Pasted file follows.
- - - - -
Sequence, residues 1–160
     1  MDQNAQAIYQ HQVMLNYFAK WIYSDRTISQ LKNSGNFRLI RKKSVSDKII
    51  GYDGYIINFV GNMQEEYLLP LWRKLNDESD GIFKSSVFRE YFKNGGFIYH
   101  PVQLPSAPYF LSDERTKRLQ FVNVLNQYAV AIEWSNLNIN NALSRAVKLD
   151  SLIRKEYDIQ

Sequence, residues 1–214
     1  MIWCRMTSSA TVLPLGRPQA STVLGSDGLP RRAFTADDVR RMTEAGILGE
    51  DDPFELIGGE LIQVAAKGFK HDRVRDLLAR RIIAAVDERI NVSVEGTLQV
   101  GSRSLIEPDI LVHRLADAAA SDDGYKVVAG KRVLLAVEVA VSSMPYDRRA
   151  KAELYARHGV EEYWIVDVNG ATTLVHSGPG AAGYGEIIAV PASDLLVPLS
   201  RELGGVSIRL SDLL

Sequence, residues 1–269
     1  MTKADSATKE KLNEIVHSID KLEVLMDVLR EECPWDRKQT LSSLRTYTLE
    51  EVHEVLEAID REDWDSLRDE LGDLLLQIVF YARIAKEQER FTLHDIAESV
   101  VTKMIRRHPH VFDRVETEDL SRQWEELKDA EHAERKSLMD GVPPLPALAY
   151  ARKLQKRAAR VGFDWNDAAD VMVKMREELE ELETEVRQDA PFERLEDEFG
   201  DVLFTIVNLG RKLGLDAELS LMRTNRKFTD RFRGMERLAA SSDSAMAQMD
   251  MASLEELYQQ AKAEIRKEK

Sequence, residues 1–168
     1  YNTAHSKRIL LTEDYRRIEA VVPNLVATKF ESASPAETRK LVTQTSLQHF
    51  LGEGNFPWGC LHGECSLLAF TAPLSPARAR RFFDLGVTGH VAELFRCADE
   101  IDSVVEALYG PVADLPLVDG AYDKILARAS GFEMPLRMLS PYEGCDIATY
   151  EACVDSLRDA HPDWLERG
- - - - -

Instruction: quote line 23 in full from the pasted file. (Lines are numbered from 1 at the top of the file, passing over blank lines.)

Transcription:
   151  EACVDSLRDA HPDWLERG